Changing collaboration: Kesselman said, “I think in the next 10 years we’re going to realize that we need to fundamentally change the way we approach our interactions with data and collaboration. For example, let’s say I have all the best intentions, how do I ensure that what I’ve done is correct and people know what I’ve done and can redo it so that we’re not accidentally promulgating bad data? That will be the question.” 

Engineered meat: Horn said, “We will have so completely engineered healthier, sustainable, culture-grown meats that we will no longer be factory farming animals.” 

New cybersecurity concerns: Jelena Mirkovic predicted, “We will be even more connected, with many traditional devices being networked and controlled by AI. At the forefront of our security research will be privacy issues around data collected by the devices, reliability issues around critical devices’ (e.g., medical equipment) security and safety issues around children’s and teenagers’ use of technology and content diet. In 50 years, a new forefront will be securing robots, which will be prevalent in everyday life, and ensuring their safe operation.”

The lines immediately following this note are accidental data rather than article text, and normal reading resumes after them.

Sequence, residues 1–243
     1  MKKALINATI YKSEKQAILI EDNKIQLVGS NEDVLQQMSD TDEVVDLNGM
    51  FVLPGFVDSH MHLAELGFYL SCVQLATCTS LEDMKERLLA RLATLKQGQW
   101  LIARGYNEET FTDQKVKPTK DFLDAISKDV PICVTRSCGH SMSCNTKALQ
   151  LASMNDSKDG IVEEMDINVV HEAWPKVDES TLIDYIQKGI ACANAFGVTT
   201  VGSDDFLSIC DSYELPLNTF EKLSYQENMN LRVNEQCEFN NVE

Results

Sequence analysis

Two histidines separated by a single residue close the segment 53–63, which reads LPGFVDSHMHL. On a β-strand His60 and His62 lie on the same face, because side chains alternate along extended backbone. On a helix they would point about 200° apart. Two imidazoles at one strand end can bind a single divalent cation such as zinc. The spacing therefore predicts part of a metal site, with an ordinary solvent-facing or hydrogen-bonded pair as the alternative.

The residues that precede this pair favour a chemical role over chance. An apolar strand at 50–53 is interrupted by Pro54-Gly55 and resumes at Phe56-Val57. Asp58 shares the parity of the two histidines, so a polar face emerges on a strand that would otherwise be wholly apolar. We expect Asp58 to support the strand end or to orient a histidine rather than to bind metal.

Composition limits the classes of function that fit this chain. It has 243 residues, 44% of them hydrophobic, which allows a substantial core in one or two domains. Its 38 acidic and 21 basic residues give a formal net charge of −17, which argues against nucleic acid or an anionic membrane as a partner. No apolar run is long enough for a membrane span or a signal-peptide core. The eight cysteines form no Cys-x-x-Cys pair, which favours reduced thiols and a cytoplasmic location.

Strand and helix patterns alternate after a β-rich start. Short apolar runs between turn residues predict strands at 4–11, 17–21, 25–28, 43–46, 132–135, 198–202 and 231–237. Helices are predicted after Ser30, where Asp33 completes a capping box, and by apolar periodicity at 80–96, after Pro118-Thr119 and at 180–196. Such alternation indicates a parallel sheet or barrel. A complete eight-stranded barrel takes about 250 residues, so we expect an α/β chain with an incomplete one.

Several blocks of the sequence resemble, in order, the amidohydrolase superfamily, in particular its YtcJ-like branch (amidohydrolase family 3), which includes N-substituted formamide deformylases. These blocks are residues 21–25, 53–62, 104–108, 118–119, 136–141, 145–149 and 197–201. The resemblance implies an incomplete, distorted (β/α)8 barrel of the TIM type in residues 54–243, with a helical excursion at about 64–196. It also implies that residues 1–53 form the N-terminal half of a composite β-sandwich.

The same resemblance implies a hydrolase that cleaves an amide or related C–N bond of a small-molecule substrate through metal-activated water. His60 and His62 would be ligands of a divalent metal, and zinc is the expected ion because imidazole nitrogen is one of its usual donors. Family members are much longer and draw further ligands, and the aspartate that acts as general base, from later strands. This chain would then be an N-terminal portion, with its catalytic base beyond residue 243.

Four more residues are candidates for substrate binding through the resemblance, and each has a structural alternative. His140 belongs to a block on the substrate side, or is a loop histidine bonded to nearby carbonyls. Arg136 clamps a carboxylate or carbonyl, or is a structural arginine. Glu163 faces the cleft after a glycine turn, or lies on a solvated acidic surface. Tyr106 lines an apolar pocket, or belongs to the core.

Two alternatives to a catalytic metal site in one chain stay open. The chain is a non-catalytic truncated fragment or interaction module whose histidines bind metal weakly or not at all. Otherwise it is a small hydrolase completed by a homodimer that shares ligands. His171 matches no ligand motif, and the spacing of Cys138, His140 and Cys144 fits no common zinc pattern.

“Universal” Internet: Where will the Internet be in 50 years? Hopefully, it will be on multiple planets; people have already started thinking about that,” said Heidemann. 

Communicating with holographs: Alefiya Hussain said, “In 50 years, using augmented reality and Star Wars-like holographic technologies will let us collaborate and communicate effectively. And with those new technologies, there will be a whole new set of challenges in managing the network and in cyber security.” 

Dolphins: And finally, Jon May joked, “ISI will take advantage of its location in 50 years as the preeminent cetacean communications node. Our 45 years of experience at facilitating human-dolphin conversations will have endeared us to the leaders of Pacifica, and it is at ISI that they have decided to craft the first inter-species international cooperating agreement.” 

One forecast many of our prediction-makers shared was that in 50 years, ISI will still be a world leader in research and development of advanced information processing, computer and communications technologies. But perhaps it will also be a leader in… AI friends, embedded technology, robot security, dolphin-speak and more!

Published on October 11th, 2022

Last updated on October 26th, 2022